Akise trys to negotiate with Yuno, but she alters her memory to forget about them. Kousaka is about to give up hope when his phone suddenly becomes an “apprentice future diary,” listing his brilliant successes, the first being escaping from the gas chamber. When he reaches the control room, an agitated Yuno pretends to make nice, but once he releases Akise and Mao, Yuno shoots him with a dart gun. She’s about to kill him, when Yukiteru – awake and freed by the tied-up Hinata kicking his cuff keys to him, rips the gun away. With three more apprentice diary holders on the way, Yuki has Nishijima get them out all out of there. Yuno remains.
Meddling Kids Akise, Hinata, Mao and Kousaka really got themselves into a pickle, with Hinata tied up as Yuno feeds Yuki (and helps him wee-wee) and the rest about to asphyxiate in a cloud of gas. When Akise’s bargaining fails, its all up to Kousaka, funnily enough – someone who’s been pretty useless and whiny up to this point (and is responsible for locking them in the room in the first place). The series introduces the birth of new future diaries, making his “Kousaka King” variant in the nick of time. It isn’t perfect, as it only sees his successess and not his failures, but thanks to some good luck (Yuki coming to at the right time; his key landing close to Hinata), it gets the job done.
With Kousaka and the trio of apprentices sent to the abandoned hotel to kill Yuki (led from their home by a woman with a freakishly big head), we now have this bred of not-quite future diary holder, and Kousaka would seem to be an apprentice to become the next Eighth. We’re wondering if this is because no one has killed everyone else fast enough, or if this just a system we weren’t told about until now. That Yuno is merely left behind – not killed outright – she’ll remain a threat to the end, but in the meantime, there will be some new faces going after Yuki. We’ll see how much more involved his friends get.
Sakakibara continues to converse with Misaki, which perplexes her. It appears he’s the only one who can see her, or wants to. He askes Nurse Mizuno about any schoolgirls dying at the hospital, and she later confirms it, but Sakaki’s phone drops the call abruptly. Following Misaki, Sakaki initially loses her when she turns a corner, but comes across a doll shop, where he finds her in the basement, near a doll that looks vaguely like her. She offers to show Sakaki what’s beneath her eyepatch…
So far, we’re less enamored by the characters than we are with their surroundings and the manner in which their presented. The entire setting is thick with gloom and imminent dread. Quick cuts and sharp, unsettling sounds keeps us on our toes. With a different presentation, this would be a quaint and beautiful town, but every fiber in our being is repelled by it and the secrets it contains. Similarly, Misaki is every bit the broody ghost, popping up in the middle of school amongst the living. Sakaki cannot help but drop everything and be drawn to her. And creepy dolls. My God, are they creepy.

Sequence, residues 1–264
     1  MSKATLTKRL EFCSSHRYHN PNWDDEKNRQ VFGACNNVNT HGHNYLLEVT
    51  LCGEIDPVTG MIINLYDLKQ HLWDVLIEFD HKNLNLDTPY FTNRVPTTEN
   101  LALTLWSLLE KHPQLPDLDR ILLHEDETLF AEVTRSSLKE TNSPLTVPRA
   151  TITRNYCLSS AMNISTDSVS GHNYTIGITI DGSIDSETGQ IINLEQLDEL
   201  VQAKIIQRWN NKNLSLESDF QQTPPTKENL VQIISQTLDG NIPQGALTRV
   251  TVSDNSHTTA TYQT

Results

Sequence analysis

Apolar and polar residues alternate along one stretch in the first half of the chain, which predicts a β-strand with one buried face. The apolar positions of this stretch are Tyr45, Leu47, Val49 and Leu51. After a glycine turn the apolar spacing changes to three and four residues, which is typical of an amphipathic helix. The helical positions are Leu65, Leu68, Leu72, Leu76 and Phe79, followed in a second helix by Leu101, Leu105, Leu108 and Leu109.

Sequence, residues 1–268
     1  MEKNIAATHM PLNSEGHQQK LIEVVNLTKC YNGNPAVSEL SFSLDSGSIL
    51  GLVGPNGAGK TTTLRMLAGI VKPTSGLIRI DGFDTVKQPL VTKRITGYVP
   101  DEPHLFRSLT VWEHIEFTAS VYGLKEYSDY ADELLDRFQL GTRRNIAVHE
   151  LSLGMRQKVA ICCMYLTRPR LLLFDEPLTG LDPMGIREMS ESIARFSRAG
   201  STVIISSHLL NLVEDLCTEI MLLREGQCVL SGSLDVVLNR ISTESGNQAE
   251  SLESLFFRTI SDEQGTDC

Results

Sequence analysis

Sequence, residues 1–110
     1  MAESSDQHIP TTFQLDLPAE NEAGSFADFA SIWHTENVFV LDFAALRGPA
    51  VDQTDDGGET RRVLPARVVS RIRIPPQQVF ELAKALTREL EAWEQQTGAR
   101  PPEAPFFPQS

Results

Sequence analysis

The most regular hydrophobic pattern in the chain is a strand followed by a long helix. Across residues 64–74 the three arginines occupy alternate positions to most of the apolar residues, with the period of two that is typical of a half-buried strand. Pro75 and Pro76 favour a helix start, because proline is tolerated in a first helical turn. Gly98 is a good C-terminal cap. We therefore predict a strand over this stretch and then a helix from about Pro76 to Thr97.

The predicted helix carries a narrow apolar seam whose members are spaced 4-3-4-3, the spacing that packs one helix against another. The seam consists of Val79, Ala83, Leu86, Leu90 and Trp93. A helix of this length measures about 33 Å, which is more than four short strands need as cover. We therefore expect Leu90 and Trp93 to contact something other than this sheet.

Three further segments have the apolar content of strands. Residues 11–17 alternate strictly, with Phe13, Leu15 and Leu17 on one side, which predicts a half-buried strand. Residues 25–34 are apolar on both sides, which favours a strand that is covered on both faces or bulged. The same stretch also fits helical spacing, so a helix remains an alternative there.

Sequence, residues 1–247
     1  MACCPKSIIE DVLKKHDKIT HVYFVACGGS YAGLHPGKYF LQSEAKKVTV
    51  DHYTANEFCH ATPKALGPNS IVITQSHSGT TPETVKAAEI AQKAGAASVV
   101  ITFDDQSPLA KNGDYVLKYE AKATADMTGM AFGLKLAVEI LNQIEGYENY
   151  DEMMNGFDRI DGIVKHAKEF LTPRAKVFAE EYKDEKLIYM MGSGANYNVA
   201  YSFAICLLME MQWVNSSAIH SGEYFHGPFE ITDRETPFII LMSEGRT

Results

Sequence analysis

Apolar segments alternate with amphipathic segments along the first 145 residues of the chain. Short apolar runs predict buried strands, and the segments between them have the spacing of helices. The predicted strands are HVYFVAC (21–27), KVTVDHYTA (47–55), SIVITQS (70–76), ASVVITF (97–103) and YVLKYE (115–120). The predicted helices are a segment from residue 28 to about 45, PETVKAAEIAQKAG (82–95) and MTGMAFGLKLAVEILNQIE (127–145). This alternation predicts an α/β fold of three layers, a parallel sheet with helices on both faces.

What is Mei’s story? Why is she still hanging around? What does she want? What’s the deal with Akazawa and her “countermeasures?” We don’t know yet, and suspect concrete answers to such questions may not be immediately forthcoming, but we’re enjoying the buildup so far. An aside: the ending sequence is very calm and airy and accompanied by a soulful, hauntingly beautiful piece of music (“anamnesis” by Annabel); it’s like suddenly coming up for a breath of fresh air from the depths of a dark, tense sea.
Dio saves Alvis from Federation assassins as the grounded Urbanus is attacked. Ades means to hit Glacies with an enormous aerial strike. Meanwhile, Fam, Gisey and Millia are guests of Dian, a respected Glaciesian “wing maiden” paying them back for saving her comrades earlier. Millia, who speaks her tongue, interprets for her, and they repair the vanship. Fam tries to instill in her her own ideal of what the sky should be: fun, freedom, and peace, not an eternal battlefield. Dian is dubious, she was at the last Grand Race and doubts another will make any difference. After letting Dian try out their vanship, Fam, Gisey and Millia take off for home, but when Gisey spots the Ades fleets approaching Glacies, Fam turns around to warn Dian.
It’s far easier – and to some more satisfying – to wage war than it is to prevent it. Many philsophers argue that humans are always going to branch off into factions and fight each other about something; it’s just in our nature, and that of other animals. Glacies is a cold and remote land full of surprisingly warm people, but they’re extremely weary of outsiders, because they feel the best way to avoid war is to simply avoid contact of any kind with other factions. It’s worked so far for them, but at the cost of isolation. Aside from loving her sexy Russian accent, we really liked Dian’s character for her unique perspective on the world.
She cannot fathom why a vanship would lack weapons, any more than she can fathom why Fam would help people in need – even potential enemies. Fam would say it’s the right thing to do, but for Dian, the right thing to do is the thing that keeps you alive. While Dian may still be confused by such foreign ideas, a seed was definitely planted in her head: not all outsiders are out to get you. Some are cute girls who just want to be your friend. More takeaways: Fam may be a good pilot, but Dian demonstrates rather hilariously that she’s not much of a fighter; and when you crash in a foreign land, it always helps to have a princess who is fluent in the native language!